The Boston College team at Payette has been experimenting with 360 spherical panoramic renderings using Rhino and V-ray. The College was looking for a way to view the spaces we designed for them without the use of VR. To meet their needs, we created two 360-degree renderings for them to experience through a web link, versus using a VR model, allowing us to work more efficiently.
To view the renderings in 360, please click on the goggles in the lower right corner. You can press “Esc” to exit the 360 viewer.
Creating these images is very similar to using V-ray to render with Rhino: there is an option in the V-ray Asset Editor under settings to change the camera to a VR spherical panorama. Once the camera is switched, the render output becomes a spherical panorama. It is essential to choose the right location as the origin point of the rendering. For example, we selected an origin point at eye level that allowed the viewer to see down both of our corridors and into the vestibules. These details were important for the client to see, as well as for the team to look closely at design details and decisions. Once the renders were complete, we uploaded the images to our site via GitHub and added a code our 3D Visualization Team put together, and the spherical panoramas were ready for viewing.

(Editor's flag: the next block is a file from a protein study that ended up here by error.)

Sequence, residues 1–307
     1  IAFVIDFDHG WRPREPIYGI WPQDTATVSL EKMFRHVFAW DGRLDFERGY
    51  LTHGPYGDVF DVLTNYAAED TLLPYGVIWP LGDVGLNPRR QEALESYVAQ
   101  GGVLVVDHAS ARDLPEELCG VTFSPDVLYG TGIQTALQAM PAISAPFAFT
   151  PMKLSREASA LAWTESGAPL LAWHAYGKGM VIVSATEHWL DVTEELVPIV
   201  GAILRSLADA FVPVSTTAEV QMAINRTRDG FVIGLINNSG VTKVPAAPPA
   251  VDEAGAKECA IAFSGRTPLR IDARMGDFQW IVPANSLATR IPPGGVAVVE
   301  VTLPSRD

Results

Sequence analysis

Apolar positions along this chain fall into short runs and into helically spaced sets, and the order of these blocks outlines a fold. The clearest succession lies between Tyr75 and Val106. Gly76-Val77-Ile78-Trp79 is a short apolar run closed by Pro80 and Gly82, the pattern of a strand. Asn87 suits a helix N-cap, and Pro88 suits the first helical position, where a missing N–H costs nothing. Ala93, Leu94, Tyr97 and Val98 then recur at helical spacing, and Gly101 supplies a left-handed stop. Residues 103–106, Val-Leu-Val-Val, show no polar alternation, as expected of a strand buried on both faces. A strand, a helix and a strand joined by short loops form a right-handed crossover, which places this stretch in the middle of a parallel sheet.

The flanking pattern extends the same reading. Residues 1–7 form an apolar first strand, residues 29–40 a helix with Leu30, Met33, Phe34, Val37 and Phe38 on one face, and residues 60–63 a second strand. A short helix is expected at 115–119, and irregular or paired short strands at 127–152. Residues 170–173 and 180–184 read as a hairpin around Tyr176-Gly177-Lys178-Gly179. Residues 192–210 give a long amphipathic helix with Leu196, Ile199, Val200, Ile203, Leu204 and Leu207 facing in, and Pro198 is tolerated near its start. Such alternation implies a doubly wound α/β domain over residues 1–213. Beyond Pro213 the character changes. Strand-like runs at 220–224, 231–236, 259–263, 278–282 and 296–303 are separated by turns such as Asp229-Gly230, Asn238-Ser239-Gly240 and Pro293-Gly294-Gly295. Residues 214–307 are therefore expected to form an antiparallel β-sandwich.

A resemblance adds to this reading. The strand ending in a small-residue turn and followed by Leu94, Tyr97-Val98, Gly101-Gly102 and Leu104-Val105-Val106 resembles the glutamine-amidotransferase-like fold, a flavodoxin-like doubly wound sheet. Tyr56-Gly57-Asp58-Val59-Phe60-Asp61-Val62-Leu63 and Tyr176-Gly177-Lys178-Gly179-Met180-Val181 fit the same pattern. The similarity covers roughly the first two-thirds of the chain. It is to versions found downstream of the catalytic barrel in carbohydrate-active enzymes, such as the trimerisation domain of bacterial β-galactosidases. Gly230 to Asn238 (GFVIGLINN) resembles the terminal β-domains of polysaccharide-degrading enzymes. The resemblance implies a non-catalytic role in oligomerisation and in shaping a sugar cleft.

It was important for our team to see our building through a different frame of reference; it helped us choose materials and make changes to our design. A 360-image allowed us to evaluate our walls, floors and ceilings, and how these elements joined and complimented one another. Our team found that 360 spherical panoramas are a great way to communicate ideas to the client without the need for VR and to allow them to imagine a space from an entirely new perspective.
A New Home for Interdisciplinary Studies at Boston College